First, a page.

Delta Air Lines is ending three routes to Tokyo’s Narita International Airport, the first sign that its Japanese hub, built by Northwest Airlines, may be unspooling as a result of changes to aviation rules.

The carrier predicted in February that it could lose many Narita routes if the U.S. signed an agreement with Japan to gradually open up more U.S. flights to the Tokyo’s closer-in Haneda Airport. This week, Delta announced the first of such route losses since that agreement took effect while also signaling a shift in its Asia model away from a megahub toward more direct, point-to-point flights.

Delta said it will stop flying between Narita and New York’s John F. Kennedy International Airport this fall. It will also abandon Narita-Osaka and Narita-Bangkok routes.

Meanwhile, the Atlanta-based airline is waiting for the U.S. Transportation Department to give it final approval for two new daytime routes — one from Minneapolis-St. Paul and the other from Los Angeles — to Tokyo’s smaller but more convenient airport, Haneda.

Delta executives will decide whether to cancel the existing MSP-to-Narita flight if and when the government gives a final approval to the MSP-to-Haneda route. The airline is scrambling to rework its Asia network map to make it competitive with the other large U.S. carriers, United and American airlines, that are also vying for regional dominance.

“Without a significant network restructuring, Delta’s position in the region would be significantly weakened,” Vinay Dube, Delta’s senior vice president of Asia Pacific, said in a blog post.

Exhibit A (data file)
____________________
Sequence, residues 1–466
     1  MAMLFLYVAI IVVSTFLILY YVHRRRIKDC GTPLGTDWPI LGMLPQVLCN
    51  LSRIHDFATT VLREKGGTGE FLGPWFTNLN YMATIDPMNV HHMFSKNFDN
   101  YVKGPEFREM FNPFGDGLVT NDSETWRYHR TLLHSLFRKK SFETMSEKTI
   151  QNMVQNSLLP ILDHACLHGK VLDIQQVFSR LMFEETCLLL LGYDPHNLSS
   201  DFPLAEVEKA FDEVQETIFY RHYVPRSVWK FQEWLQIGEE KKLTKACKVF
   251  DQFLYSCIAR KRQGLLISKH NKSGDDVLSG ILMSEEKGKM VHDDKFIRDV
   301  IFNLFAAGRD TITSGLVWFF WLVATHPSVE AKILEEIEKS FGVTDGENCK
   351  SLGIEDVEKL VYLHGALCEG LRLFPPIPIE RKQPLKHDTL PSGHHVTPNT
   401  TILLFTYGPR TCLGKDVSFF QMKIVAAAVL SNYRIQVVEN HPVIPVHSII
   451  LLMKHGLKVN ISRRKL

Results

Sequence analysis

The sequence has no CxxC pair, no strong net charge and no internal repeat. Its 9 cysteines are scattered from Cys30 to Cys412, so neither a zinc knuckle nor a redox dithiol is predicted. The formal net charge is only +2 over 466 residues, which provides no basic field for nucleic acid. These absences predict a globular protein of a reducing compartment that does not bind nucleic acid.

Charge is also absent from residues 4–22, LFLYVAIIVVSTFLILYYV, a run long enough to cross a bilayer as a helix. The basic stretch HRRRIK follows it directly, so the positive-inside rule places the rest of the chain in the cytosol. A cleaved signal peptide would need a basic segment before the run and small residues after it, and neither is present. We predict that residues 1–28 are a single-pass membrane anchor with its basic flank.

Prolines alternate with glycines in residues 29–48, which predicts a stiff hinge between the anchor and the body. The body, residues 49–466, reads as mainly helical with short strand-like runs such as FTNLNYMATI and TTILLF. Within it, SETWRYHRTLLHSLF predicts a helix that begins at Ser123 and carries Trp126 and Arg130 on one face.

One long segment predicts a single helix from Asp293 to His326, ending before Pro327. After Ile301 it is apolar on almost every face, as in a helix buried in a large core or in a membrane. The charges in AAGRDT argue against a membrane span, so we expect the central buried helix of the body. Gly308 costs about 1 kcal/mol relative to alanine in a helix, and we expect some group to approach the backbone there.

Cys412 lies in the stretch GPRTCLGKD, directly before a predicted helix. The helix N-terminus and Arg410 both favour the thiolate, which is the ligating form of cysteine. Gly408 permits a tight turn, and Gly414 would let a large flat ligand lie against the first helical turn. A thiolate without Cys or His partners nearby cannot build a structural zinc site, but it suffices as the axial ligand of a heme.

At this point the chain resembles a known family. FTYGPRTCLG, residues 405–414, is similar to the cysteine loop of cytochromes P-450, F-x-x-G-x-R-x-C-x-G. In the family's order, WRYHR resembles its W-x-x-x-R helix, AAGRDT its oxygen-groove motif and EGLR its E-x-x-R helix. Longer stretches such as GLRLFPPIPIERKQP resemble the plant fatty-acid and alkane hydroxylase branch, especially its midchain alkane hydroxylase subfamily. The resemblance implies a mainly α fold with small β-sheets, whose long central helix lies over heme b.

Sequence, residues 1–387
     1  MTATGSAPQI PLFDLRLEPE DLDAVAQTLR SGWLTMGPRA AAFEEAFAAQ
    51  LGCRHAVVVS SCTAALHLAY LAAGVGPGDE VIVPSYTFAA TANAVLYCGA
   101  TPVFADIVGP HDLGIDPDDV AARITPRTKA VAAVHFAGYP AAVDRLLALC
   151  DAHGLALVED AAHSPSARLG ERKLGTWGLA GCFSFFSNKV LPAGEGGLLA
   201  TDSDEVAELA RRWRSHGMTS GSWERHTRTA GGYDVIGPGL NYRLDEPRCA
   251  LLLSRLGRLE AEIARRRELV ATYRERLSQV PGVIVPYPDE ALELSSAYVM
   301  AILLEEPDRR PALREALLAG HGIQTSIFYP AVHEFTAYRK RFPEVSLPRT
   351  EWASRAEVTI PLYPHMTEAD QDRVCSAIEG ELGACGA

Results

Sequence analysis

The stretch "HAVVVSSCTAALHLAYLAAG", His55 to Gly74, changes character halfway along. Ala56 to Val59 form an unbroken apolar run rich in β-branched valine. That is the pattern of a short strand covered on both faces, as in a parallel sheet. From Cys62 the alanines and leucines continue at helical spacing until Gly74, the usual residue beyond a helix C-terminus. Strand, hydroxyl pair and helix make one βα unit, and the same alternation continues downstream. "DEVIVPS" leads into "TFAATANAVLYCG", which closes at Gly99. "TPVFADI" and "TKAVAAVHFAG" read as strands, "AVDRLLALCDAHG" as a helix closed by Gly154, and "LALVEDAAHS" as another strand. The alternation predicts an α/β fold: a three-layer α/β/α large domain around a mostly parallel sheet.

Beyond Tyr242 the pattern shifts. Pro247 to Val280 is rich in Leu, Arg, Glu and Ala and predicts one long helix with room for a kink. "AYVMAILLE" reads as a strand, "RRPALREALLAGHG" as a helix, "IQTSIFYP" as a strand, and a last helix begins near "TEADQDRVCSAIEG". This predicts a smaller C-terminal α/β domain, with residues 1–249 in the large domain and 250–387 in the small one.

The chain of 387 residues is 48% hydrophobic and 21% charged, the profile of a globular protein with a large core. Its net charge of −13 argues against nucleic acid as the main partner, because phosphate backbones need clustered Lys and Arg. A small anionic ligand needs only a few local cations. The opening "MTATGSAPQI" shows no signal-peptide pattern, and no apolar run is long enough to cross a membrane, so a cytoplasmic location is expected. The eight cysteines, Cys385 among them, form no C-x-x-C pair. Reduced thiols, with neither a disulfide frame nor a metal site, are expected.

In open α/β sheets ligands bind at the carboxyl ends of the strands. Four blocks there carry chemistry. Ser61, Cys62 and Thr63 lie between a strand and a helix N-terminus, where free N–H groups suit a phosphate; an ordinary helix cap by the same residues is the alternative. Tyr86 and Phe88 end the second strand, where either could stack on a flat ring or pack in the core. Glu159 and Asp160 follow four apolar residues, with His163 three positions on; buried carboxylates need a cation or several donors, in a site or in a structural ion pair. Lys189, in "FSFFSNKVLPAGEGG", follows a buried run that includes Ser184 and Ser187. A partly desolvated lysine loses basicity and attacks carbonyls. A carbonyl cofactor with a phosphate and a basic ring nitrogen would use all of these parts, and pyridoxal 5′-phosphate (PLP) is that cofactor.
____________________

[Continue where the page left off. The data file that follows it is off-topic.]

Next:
Delta inherited a robust aviation heritage in Japan, and Asia as a whole, in 2009 when it acquired Minnesota-based Northwest Airlines, which had been the first U.S. airline to fly direct to Tokyo after World War II. But over the years, United and American outmaneuvered Delta by forming partnerships with Japanese carriers.

That left Delta in a vulnerable position, the company argued in February, if more U.S. traffic shifted away from Narita to Haneda. Delta has fewer connecting routes to other Asian destinations via Haneda because it lacks the local partners with fortress hubs there.

“By forcing Delta to maintain a split operation in Tokyo with operations at both [Haneda] and [Narita], valuable traffic will be siphoned away from Delta’s remaining [Narita] flights to competitors’ more convenient [Haneda] flights,” Dube said.

Delta executives say they are still committed to Asia as a fast-growing economy that’s important to its customers. In addition to using its MSP and Los Angeles flights to reach Haneda, Dube said its future strategy will be to do more nonstop flying directly between points in the U.S. and Asia rather than hub-and-spoke flying, which is industry parlance for funneling passengers through major ports and then connecting through to their destination in a spiderweb-like network.

Delta has been building up its Seattle base in recent years to handle more nonstop flights deeper into Asia.

For now, the airline plans to continue flying to Narita from Seattle, Portland, Detroit and Atlanta, Dube said.

While Delta lacks Japanese partners, it does have arrangements with others in Asia, including China Eastern, China Southern, Korean Air, China Airlines, Vietnam Airlines and Garuda Indonesia.